This depiction was a common ritual, an act of devotion in ancient Egyptian religion. Its other significance, it was thought that lettuce increased fertility by allowing more sperm to be produced, the Egyptians were quite an advanced and forward thinking nation, as more recent studies have scientifically shown!

Maat, ancient concepts of truth, balance, order, harmony, law, morality and justice was also the goddess and the personification of truth, cosmic balance, and justice. Her ostrich feather represents a truth. Maat were the principles that were followed by Egyptians in their daily lives and ultimately formed the basis of law in Egypt.

Egyptian society followed these sets of rules and doctrines, performing complex daily rituals to appease the gods. How do we know? Written documents in the form of papyrus, describing the complex procedures in considerable detail. Known as Papyrus Berlin 3055 the document contains over 66 stages and is a fascinating look into daily life all those years ago.

The slab on the right was built in Hatshepsuts time in 1520BC and is part of a list of the daily offerings in numbers to be given to Amun-Ra, any leftovers being given to the people, and forms further evidence of the contents of Papyrus Berlin 3055 truly fascinating stuff.

Deep Breath…….

It’s difficult to appreciate the immense size of the ‘Hypostyle Hall’, pictures don’t do it justice, you have to visit to feel the atmosphere, and, in the heat of the sun, take a deep breath and try and imaging what is was like in ~2000BC, some 4023 years ago! A stone mason, creating part of a pillar, an artist, filling in colour, erecting an obelisk, it must have been a magical and mystical time……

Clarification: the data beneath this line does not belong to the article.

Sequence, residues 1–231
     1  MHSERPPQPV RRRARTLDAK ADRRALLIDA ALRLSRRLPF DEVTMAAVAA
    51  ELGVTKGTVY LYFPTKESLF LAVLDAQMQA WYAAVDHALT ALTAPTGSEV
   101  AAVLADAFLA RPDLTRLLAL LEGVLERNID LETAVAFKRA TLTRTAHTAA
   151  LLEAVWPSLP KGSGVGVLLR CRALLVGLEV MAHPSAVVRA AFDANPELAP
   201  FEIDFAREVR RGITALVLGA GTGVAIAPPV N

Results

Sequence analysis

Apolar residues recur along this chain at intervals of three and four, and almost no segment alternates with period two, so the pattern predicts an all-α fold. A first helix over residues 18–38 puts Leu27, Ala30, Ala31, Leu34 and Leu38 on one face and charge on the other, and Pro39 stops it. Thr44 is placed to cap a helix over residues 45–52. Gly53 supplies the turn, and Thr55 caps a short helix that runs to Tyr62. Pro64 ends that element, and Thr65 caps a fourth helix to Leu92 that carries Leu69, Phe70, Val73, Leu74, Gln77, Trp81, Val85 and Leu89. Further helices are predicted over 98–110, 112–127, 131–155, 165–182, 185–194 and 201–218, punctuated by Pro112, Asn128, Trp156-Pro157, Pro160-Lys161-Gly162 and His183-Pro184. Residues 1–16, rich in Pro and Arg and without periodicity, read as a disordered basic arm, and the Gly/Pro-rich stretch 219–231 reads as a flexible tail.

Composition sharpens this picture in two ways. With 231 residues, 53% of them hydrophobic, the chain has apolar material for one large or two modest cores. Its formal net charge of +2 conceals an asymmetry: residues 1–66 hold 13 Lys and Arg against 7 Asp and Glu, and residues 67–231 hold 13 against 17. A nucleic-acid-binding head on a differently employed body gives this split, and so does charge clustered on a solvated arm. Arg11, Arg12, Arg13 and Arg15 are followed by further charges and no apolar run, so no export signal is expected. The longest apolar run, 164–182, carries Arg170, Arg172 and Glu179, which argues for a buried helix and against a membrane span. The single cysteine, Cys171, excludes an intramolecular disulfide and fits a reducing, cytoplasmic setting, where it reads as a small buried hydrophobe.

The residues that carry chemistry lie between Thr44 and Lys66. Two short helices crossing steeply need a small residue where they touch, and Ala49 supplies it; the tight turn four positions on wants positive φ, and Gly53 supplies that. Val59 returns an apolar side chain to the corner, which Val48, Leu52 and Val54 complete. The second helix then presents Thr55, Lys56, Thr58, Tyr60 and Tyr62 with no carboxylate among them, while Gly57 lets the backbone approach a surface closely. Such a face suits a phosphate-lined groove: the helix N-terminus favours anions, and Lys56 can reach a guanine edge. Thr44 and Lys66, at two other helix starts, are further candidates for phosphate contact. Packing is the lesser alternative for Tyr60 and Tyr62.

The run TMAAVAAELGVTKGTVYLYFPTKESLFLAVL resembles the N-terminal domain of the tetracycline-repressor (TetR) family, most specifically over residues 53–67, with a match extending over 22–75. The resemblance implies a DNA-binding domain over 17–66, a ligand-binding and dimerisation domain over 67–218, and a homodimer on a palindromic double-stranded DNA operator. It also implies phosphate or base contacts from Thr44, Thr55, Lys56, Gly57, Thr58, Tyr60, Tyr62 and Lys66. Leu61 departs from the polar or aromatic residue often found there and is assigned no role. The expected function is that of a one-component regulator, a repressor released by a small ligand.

We spent some time at Karnak being educated on various important aspects of the site, some free time to take in the atmosphere and then it was back on the coach, next stop the Temple at Luxor, just down the road.

Luxor temple is connected to Karnak by a ‘road’ some 2.7km long, known as the ‘Avenue of Sphinxes’, it was lined by 100’s of Rams Head and Sphinx statues and would have been quite impressive during the Festival of Opet, which at its peak lasted 27 days!

Much of the avenue remained covered until the early 1900’s, but, following 7 decades of restoration, and, following a grand ceremony, it finally re-opened in November 2021.

At the end of the avenue on the right had side there is a small structure, a chapel, built by Hadrian and sitting in the ‘Court of Nectanebo’ called the Chapel of Serapis, pictured above left and middle. Serapis is a Graeco-Egyptian deity whose cult, was introduced during the third century BCE on the orders of Pharaoh Ptolemy I Soter of the Ptolemaic Kingdom as a means to unify the Greeks and Egyptians in his realm. It’s constructed of burnt brick and sits atop a plynth 12 metres by 8 metres and contains a single remaining statue.